Four county Republican parties in Arizona have filed a lawsuit over the state’s mail-in ballot counting procedures.
The lawsuit, filed late Wednesday against all Arizona county recorders and the Secretary of State, according to The Arizona Republic, comes after a too-close-to-call election in the state’s closely-watched Senate race.
There are currently 17,000 votes separating Democrat Kyrsten Sinema and Republican Martha McSally in the race to replace retiring GOP Sen. Jeff Flake. A Sinema win would mean a key Senate pickup for Democrats.
The Yuma, Navajo, Apache and Maricopa County GOPs are challenging county processes’ for verifying signatures on mail-in ballots, according to The Republic.
Currently, some county recorders are calling voters whose mail-in ballot signatures do not match those on file, to have them verify that they signed the ballot.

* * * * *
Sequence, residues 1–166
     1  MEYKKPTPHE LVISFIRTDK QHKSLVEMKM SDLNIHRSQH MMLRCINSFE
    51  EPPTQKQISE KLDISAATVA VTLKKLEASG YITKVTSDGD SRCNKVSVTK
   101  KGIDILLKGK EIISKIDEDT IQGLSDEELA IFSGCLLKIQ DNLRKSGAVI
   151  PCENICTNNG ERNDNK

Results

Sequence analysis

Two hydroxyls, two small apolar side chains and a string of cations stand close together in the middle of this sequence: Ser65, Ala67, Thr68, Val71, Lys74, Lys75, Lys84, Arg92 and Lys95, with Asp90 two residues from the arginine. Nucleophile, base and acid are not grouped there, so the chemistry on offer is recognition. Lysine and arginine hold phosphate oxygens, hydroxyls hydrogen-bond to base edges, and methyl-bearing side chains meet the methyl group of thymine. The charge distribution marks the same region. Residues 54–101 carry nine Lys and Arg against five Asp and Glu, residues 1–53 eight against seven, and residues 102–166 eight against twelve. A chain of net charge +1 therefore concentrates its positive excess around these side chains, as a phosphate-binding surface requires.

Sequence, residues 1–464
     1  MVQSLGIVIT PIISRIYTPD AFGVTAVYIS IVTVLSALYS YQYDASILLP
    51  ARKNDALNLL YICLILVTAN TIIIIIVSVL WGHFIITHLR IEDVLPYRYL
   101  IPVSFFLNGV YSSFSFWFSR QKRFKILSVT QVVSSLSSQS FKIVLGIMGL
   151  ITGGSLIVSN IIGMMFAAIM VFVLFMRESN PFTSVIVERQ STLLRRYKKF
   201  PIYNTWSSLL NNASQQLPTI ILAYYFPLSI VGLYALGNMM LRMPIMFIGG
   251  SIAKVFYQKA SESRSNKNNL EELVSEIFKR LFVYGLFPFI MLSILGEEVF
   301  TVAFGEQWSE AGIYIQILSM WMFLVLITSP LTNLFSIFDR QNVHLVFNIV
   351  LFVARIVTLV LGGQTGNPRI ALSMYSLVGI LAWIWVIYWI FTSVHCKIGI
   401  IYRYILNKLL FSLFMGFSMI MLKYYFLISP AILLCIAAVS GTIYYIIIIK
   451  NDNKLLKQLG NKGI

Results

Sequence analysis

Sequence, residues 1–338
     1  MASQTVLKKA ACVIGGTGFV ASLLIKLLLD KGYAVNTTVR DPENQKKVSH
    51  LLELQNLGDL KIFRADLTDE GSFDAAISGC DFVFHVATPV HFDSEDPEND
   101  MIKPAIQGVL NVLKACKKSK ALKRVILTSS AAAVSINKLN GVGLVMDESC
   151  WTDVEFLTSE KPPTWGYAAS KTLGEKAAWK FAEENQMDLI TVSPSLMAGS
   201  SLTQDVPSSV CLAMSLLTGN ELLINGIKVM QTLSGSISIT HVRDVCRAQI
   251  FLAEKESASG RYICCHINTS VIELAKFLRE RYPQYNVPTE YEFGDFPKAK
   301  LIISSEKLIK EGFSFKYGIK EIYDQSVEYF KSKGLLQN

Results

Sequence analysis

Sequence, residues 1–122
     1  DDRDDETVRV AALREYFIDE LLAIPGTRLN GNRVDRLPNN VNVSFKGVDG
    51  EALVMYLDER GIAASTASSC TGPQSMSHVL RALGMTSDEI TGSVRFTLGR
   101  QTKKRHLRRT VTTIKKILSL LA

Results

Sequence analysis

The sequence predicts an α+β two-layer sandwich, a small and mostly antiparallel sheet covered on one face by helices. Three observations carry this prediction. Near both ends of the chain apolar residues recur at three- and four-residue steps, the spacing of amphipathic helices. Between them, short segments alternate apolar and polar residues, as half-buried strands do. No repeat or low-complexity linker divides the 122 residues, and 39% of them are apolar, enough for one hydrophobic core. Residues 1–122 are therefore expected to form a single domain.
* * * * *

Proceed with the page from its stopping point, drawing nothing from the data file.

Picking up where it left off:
The lawsuit claims that this practice violates state law, and that calls to voters are only permitted before Election Day.
“A foundational principle of American democracy and our justice system is that all votes are treated equally,” Arizona GOP Chairman Jonathan Lines said in a statement to The Republic. “It is not fair nor just that voters in one county are treated differently under the law from other voters in Arizona.”
A hearing is scheduled for Friday, but the plaintiffs are seeking an accelerated hearing on Thursday.
Maricopa County Recorder Adrian Fontes told The Arizona Republic that he and some other county recorders have been conducting post-Election Day verification calls for over a decade.
Democratic leaders in the state are accusing Republicans of attempting to suppress votes by pushing forward with the lawsuit.
“The Republican party is doing everything it can to silence thousands of Arizonans who already cast their ballots,” Arizona Democratic Party chair Felecia Rotellini said in a statement. “That’s absolutely wrong, and the Arizona Democratic Party is fully prepared to fight to ensure that every last Arizonan has their vote counted.”